Are the Elderly With Maxillofacial Injuries at Increased Risk of Associated Injuries?

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PURPOSE: As the geriatric population continues to increase, more elderly patients with maxillofacial injuries are encountered in emergency rooms. It can be hypothesized that advanced age increases the risk of associated injuries (AIs). The purpose of the study was to estimate the frequency of AI and measure the association between age and risk for AI among a sample of patients with facial fractures.

METHODS: A retrospective cohort study was designed and implemented. The study sample comprised patients aged 18 years or older who presented to the Töölö Trauma Centre, Helsinki University Hospital, Finland, between 2013 and 2018 for diagnosis and treatment of facial fractures. The primary outcome variable was the presence or absence of AI. AI was defined as any major injury outside the facial region, including injuries to brain, major vessels, internal organs or respiratory organs, and fractures. Secondary outcome variables were affected organ system (classified as brain, cranial bone, neck, upper extremity, lower extremity, chest, spine, and abdomen), number of affected organ systems (classified as 1 and ≥2), need for intensive care, and mortality. The primary predictor variable was age (adults vs elderly). Controlled variables were sex, mechanism of trauma, intoxication by alcohol, and type of facial fracture. Descriptive statistics, univariable, and multivariable logistic regression analysis were executed to measure the association between age groups and AI. P value less than .05 was set as the threshold for statistical significance.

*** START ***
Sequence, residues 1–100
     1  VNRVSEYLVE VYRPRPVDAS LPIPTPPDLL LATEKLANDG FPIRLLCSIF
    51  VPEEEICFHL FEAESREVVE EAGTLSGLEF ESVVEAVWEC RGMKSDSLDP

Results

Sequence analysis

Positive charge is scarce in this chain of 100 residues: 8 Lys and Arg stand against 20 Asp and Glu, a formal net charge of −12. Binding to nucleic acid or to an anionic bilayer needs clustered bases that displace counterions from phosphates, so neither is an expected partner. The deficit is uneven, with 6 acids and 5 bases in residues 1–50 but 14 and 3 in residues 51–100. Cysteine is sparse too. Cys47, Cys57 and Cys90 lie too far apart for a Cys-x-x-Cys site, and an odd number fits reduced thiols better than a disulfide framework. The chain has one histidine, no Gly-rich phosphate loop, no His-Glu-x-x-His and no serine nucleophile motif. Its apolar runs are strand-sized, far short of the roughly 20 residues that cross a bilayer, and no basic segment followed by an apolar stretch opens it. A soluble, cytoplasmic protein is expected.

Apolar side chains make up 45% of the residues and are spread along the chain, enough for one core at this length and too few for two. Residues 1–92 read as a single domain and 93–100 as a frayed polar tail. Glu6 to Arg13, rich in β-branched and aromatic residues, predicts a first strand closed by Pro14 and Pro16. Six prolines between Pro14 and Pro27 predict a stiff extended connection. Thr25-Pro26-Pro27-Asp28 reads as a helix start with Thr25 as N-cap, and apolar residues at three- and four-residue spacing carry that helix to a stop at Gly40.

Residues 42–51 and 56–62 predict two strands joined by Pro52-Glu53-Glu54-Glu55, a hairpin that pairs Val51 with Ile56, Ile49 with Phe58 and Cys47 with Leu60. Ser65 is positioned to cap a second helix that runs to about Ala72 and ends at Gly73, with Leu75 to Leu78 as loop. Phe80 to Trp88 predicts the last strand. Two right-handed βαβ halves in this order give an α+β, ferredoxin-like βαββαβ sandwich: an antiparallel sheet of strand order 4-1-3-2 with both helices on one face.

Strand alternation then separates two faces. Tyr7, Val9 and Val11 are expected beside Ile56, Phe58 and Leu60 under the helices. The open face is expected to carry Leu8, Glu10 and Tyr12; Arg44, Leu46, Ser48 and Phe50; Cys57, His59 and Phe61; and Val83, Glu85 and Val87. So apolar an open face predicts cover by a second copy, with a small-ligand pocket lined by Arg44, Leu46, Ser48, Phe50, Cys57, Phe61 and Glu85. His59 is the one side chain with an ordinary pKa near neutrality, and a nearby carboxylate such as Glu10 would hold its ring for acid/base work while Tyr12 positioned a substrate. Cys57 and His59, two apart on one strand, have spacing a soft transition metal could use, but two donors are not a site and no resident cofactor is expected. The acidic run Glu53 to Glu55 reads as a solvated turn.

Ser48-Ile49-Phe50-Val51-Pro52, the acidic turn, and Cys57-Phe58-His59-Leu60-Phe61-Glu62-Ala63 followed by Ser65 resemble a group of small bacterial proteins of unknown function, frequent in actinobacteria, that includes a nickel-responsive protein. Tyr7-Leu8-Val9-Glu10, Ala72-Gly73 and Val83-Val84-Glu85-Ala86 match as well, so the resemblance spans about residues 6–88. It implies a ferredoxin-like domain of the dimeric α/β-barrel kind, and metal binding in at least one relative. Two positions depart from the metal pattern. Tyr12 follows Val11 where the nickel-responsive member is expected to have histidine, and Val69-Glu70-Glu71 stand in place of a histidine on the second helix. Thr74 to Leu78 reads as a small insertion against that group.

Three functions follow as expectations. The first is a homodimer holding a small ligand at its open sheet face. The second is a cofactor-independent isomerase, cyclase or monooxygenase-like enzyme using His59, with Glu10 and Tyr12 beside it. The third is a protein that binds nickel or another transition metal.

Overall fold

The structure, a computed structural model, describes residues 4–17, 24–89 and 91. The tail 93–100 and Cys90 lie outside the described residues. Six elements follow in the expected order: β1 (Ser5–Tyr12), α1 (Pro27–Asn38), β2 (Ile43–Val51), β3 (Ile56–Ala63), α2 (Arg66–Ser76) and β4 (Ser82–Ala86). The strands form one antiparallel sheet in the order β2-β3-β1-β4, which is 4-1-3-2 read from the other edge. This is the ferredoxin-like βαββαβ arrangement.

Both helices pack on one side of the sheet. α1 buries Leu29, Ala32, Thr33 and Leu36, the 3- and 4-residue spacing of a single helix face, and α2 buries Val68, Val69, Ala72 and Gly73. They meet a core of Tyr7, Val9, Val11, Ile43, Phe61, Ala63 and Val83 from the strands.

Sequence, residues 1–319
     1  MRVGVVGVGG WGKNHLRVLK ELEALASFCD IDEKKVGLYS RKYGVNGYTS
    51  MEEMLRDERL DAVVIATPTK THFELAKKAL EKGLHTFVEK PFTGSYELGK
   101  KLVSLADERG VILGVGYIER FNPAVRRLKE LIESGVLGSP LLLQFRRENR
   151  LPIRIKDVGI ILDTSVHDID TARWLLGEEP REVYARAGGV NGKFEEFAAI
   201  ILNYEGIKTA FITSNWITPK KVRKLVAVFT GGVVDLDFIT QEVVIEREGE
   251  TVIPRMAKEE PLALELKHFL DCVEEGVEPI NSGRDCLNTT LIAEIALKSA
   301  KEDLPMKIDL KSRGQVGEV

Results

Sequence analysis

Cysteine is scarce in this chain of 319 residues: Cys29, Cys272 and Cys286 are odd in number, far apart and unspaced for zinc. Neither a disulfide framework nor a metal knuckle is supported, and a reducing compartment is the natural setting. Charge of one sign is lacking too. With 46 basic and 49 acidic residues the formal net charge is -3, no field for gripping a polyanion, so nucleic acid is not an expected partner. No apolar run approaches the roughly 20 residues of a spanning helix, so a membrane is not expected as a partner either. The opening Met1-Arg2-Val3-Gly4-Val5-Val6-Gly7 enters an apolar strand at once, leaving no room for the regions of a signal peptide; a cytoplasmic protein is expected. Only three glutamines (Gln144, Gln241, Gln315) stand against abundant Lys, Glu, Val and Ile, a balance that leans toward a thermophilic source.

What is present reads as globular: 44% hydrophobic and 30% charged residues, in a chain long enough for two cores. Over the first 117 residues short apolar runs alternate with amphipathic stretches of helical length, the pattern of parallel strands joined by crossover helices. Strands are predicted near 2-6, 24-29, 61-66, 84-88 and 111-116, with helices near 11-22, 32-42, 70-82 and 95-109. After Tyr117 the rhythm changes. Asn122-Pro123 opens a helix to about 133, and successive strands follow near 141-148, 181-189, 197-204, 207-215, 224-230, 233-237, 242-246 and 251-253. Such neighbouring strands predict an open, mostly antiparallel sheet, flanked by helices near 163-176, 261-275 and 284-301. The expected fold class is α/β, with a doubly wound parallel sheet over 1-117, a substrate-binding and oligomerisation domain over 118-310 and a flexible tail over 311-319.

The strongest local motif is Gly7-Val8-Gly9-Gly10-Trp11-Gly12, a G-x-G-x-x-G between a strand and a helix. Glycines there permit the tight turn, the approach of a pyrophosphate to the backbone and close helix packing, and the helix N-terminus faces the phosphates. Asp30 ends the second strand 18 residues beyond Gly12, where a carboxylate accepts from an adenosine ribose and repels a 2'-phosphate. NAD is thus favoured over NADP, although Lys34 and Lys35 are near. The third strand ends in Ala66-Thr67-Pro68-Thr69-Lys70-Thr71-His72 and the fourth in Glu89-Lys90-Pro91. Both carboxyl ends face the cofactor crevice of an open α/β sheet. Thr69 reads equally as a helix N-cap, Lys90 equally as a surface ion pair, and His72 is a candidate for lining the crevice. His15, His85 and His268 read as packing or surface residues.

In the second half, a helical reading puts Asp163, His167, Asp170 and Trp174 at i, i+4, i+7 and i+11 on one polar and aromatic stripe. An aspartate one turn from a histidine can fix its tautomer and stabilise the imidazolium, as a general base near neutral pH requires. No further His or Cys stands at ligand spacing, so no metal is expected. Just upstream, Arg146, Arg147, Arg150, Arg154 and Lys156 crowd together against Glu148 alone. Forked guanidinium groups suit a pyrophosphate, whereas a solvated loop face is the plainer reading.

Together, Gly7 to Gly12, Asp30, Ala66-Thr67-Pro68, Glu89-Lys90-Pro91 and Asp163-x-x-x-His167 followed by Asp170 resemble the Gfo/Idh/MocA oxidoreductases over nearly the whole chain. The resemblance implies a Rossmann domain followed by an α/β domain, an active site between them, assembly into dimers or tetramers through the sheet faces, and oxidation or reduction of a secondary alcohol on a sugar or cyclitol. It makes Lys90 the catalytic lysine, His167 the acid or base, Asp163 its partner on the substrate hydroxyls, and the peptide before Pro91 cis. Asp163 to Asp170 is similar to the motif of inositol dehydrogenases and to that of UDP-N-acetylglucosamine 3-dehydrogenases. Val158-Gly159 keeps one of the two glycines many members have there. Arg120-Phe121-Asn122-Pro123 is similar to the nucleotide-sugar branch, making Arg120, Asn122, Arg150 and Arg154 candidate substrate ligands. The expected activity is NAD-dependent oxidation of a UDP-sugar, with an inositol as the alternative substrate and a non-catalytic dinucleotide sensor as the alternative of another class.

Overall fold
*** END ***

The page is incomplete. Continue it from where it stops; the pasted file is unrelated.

RESULTS: Of the total 2,682 patients, 1,931 (72.0%) were adults, and 751 (28.0%) were elderly. Elderly had a 1.6-fold risk (95% confidence interval [CI], 1.5-1.8; P < .001) of AIs as compared with adults. Moreover, after adjusting for mechanism of trauma and type of facial fracture, elderly had 1.8 times greater odds for injuries to 2 or more organ systems (95% CI, 1.3-2.5; P < .001), 2.2 times greater odds for brain injuries (95% CI, 1.6-2.9; P < .001), 2.3 times greater odds for neck injuries (95% CI, 1.5-3.6; P < .001), and 6.8 times greater odds for mortality (95% CI, 2.9-15.6; P < .001).

CONCLUSION: Elderly patients have AIs significantly more frequently than younger adults. Age-specific features should be taken into consideration in the multiprofessional evaluation and treatment of facial fracture patients.





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Medicine and Health Sciences




Department of Pathology and Laboratory Medicine

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